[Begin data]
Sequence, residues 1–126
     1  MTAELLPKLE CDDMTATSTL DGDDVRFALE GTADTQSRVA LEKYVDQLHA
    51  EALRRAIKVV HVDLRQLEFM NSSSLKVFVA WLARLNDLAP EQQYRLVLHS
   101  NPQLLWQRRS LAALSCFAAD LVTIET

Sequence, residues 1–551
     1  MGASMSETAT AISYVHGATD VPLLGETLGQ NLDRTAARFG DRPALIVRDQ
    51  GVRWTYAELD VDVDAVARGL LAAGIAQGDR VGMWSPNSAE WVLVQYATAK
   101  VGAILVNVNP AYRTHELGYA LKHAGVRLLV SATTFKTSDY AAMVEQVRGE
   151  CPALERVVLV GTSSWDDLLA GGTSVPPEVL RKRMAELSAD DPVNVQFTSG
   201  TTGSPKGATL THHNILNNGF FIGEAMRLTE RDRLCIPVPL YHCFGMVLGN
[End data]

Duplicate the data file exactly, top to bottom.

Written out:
Sequence, residues 1–126
     1  MTAELLPKLE CDDMTATSTL DGDDVRFALE GTADTQSRVA LEKYVDQLHA
    51  EALRRAIKVV HVDLRQLEFM NSSSLKVFVA WLARLNDLAP EQQYRLVLHS
   101  NPQLLWQRRS LAALSCFAAD LVTIET

Sequence, residues 1–551
     1  MGASMSETAT AISYVHGATD VPLLGETLGQ NLDRTAARFG DRPALIVRDQ
    51  GVRWTYAELD VDVDAVARGL LAAGIAQGDR VGMWSPNSAE WVLVQYATAK
   101  VGAILVNVNP AYRTHELGYA LKHAGVRLLV SATTFKTSDY AAMVEQVRGE
   151  CPALERVVLV GTSSWDDLLA GGTSVPPEVL RKRMAELSAD DPVNVQFTSG
   201  TTGSPKGATL THHNILNNGF FIGEAMRLTE RDRLCIPVPL YHCFGMVLGN